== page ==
Dr. Blair Wisco
Post-traumatic stress disorder (PTSD) is one of the leading causes of disability, according to the World Health Organization. The mental condition occurring as a reaction to life-altering trauma or events increases the sufferer’s risk for serious physical health problems, including cardiovascular disease. Considering PTSD affects 6.5 percent—or approximately 21 million—of Americans, studying the condition’s effect on the body is of paramount importance. Prior to 2015, few studies had been conducted to measure PTSD’s physiological effects.
That’s when Dr. Blaire Wisco, assistant professor of psychology and director of UNCG’s Cognitive, Psychopathology, and Emotion (CoPE) Lab, stepped in.
An Association of Psychological Science “Rising Star,” Wisco set out to understand the “wear and tear” PTSD has on the body, especially the heart. By monitoring the physiological response that occurs with trauma reminders—real-life experiences or personal memories that remind sufferers of their trauma—she hoped not only to measure potential damage on the heart but also to improve current PTSD treatments.
“In therapy, an individual may discuss a traumatic event and have an entirely different, perhaps milder, reaction to it than an unexpected resurgence of the memory in a real-world setting,” says Wisco. “That trauma reminder’s emotional and physiological effect outside of the office is what we need to understand.”
To do this, Wisco embarked on a pilot study backed by a prestigious Faculty First Summer Excellence Award. Established in 2014, Faculty First Awards—part of the Faculty First Program—support select faculty research or creative projects during the summer. The awards are highly competitive; thus their recipients represent the highest academic rigor and creativity UNCG offers.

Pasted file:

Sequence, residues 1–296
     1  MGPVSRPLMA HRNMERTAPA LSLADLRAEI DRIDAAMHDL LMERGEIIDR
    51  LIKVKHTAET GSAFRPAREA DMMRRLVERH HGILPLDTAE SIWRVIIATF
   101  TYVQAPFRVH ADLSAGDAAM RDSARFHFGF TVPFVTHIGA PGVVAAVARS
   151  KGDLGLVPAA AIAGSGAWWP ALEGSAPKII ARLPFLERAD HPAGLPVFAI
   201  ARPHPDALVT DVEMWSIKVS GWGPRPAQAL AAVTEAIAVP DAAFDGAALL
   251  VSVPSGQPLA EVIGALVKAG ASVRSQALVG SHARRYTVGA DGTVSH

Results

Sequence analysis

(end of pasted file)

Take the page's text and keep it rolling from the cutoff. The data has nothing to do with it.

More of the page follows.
Wisco and her team at CoPE monitored specific biomarkers in veterans suffering from PTSD. Veterans wore ambulatory heart monitors that measured their cardiovascular responses for 24 hours, three days in a row. Veterans also carried iPads and participated in frequent, random surveys that asked them if they were thinking about their trauma and to rate the intensity of their emotions. The accumulated data provided the most comprehensive assessment of cardiovascular reactivity to trauma to date, as well as opportunities for future studies and improved treatments.
“This technology, which measures patients’ symptoms as they experience them, could transform the way we treat PTSD,” says Wisco. “It can help doctors identify the right strategies for their patients.”
Wisco’s work is far from done. In January 2018, she secured funding through a National Institute of Mental Health R15 grant, which will allow her to expand her pilot study during the summer. Coupled with her current American Psychological Foundation study focusing on emotional and physiological responses to trauma rumination, Wisco stands ready to revolutionize PTSD treatment, bolstering mental health for millions of Americans.
If you would like to learn more about the Faculty First Summer Excellence Awards and the Faculty First Program, please contact:
Kris Davidson, Associate Vice Chancellor of Advancement
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